Sculptures of Nagare Botoke (‘Flowing Buddha’) were votive offerings made to Buddhist deities in Heian-period Japan to ward off diseases and plagues. The figures were in single-block technique, with no facial or specific body details, and were then left floating in rivers. Hinoki wood is very light, and highly rot-resistant. Villagers rescued the sculptures from the waters, and then worshipped them as sacred images in their shrines. Very few are known to have survived, and those that have remain in the local shrines where they were placed a millennium ago.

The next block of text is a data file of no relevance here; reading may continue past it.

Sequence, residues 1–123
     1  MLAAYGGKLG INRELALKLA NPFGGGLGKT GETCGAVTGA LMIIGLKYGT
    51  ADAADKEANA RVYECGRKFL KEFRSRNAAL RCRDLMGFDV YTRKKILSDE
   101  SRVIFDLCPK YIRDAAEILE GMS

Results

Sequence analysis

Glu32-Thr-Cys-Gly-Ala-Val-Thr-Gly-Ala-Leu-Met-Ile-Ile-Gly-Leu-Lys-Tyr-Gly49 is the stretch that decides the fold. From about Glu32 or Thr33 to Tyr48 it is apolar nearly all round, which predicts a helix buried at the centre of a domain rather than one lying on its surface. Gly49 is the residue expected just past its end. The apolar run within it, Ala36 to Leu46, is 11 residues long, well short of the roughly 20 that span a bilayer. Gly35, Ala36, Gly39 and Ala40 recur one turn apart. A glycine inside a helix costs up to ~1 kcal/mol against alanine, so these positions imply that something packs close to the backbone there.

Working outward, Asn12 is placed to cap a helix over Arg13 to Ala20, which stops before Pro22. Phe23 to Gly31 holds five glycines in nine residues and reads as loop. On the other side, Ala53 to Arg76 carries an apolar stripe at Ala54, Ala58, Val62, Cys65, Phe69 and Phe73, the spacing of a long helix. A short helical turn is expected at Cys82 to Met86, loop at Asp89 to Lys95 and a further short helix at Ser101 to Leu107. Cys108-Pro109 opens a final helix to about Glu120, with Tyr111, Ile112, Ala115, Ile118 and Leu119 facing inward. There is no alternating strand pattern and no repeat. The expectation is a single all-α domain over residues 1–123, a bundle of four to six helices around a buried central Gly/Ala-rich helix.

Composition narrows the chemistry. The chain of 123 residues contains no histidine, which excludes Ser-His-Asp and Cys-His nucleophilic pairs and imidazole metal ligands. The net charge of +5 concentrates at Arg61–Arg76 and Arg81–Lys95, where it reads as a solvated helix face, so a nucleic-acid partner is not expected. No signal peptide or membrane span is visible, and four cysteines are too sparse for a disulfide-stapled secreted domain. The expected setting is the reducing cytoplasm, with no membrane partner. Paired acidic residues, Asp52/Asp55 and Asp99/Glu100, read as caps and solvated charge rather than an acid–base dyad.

I am indebted to Dr Riccardo Montanari for this information.